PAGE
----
With her husband’s death, she was faced with the task of raising a young family, so, undaunted; she found work in Grand Falls and continued tow work until the late 1960’s. Maggie likes to say she “managed” during that time and quickly adds 'I had the best dressed youngsters in Bishop’s Falls.' Considering she was pregnant with Paula at the time of Greg’s death, this remarkable Lady is a shining example of that true Characteristic of Newfoundlanders known as Persistence. Maggie told me she was determined to “Keep the Family Together”. She was and still is surrounded by Family and Friends who are all here this evening, except for two or three. That family consists of eight children, (Brendan deceased), forty grandchildren, fifty great-grandchildren and seven great-great grandchildren; in all 105 offspring, spanning five generations and still growing.

 

 

 

 

 

 

Treasured Friends, especially the Hopkins Family, The Antles, The Penneys, Cooke’s, Lingards and Hannons, are all very dear to her heart and their presence here is fitting Testimony to the esteem in which she is held. We must remember that living in Bishop’s Falls in the heydays of this community, fostered friendships which can almost be described as Extended Families, in fact, Maggie fondly refers to the Hopkins as an extension of her family. All families are treasures. She recalled for me just last evening, one of the ‘Times’ she had with my grandmother, when at Christmas, she attended a “Janny Dance” at her Boarding House on Station Road. Let’s see if the young people here this evening can figure that one out!

 

Many of us know Mrs. Margaret Davis because we had to Vote at her home. She describes herself as a “Friend to All Governments.” Maggie Davis worked in many Elections, conducted the Census for the very First Town Council in Bishop’s Falls and even has had the pleasure of meeting many of our Province’s Historical figures, Politicians and Famous People. She was a part of some Historical Events and has lived through the most exciting century of recorded history. She vividly recalls the Days of Sir Richard Squires, Sir Robert Bond, The Commission of Government and the Confederation with Canada. Two World Wars and major advances in technology have all been a part of her life. She was a guest in Joey Smallwood’s Home, has met all kinds of Cabinet Ministers, Members of Parliament and Mayors. About our current Premier, she recalls an occasion when a small boy growing up here where his father worked with the Railway, he drank stove oil and had to be rushed to Hospital. Ironically, today, he is presiding over the World’s Largest Oil Development Project.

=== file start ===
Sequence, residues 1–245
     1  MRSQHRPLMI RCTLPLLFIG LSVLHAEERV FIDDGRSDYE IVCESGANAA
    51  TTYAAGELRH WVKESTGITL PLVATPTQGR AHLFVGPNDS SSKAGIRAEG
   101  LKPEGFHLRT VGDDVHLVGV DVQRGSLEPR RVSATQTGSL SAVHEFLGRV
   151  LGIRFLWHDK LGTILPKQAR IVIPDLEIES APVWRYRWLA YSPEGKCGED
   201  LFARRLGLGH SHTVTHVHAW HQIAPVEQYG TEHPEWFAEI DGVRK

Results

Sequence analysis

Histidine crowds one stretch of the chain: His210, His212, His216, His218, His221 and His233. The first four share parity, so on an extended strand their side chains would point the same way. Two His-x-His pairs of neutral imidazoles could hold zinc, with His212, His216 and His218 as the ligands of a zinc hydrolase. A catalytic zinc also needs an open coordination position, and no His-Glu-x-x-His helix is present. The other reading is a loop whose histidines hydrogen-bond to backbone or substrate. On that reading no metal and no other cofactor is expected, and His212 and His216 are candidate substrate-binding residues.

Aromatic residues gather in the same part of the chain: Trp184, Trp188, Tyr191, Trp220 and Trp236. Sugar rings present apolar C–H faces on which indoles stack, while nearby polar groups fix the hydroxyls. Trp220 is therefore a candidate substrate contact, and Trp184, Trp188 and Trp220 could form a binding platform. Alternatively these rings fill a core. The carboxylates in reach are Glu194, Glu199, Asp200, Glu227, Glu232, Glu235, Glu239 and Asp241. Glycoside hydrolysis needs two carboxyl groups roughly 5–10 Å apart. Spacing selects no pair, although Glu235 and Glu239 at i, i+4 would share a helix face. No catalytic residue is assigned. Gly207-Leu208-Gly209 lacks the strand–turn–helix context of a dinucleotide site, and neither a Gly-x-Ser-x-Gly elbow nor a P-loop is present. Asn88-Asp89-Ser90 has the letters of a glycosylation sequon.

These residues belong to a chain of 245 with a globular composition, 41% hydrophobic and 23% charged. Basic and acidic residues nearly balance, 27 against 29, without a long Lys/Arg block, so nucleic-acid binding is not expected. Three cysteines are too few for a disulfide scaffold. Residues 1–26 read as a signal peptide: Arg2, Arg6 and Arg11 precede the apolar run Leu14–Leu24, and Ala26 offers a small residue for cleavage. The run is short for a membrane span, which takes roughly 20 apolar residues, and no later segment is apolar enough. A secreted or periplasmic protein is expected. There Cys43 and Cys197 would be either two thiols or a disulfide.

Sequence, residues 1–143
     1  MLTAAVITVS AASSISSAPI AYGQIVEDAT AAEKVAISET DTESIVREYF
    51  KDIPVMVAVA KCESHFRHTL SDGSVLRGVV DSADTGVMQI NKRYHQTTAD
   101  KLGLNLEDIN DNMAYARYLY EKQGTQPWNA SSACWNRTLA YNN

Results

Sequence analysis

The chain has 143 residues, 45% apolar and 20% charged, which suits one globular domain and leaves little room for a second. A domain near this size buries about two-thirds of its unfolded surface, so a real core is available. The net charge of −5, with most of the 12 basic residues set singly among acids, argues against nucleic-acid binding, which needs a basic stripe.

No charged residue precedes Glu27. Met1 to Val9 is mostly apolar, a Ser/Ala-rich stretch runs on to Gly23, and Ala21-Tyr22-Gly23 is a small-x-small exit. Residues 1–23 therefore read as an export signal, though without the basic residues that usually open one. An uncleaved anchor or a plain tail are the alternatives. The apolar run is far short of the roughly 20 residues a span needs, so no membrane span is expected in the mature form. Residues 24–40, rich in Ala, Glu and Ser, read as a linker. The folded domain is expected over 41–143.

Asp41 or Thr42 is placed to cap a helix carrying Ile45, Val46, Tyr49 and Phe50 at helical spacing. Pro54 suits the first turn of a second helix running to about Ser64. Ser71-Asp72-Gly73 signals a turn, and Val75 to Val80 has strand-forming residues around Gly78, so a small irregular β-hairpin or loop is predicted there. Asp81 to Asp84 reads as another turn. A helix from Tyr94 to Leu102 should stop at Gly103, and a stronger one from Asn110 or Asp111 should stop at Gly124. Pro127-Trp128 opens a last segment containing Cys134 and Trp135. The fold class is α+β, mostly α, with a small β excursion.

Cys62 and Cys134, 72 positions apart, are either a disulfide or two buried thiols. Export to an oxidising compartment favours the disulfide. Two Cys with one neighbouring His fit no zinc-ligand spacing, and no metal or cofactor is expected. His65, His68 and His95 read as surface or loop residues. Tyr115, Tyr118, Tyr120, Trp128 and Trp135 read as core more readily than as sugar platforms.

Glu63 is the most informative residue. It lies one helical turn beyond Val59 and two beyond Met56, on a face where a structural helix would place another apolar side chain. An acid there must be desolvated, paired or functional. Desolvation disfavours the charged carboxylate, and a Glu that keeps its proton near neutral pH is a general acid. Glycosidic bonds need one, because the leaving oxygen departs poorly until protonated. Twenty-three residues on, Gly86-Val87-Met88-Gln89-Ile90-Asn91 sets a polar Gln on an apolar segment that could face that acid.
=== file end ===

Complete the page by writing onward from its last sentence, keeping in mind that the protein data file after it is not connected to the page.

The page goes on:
Through it all, she remains our dear “Maggie”. A devoted family helps and visits her daily. Friends drop by for tea, cake and a chat. Her door is always open and her love for everyone is always genuine. Her independence is strong and reflects the life she has lived. She plans to remain independent “as long as God is willing to let her.”

 

To conclude, thank you for allowing me the privilege of Paying Tribute this evening to a Lady who is very special to her family, to her friends and to our community. On behalf of all of us assembled, may you have many more years with all of us and “Happy Birthday”!

 

With love and friendship

George Saunders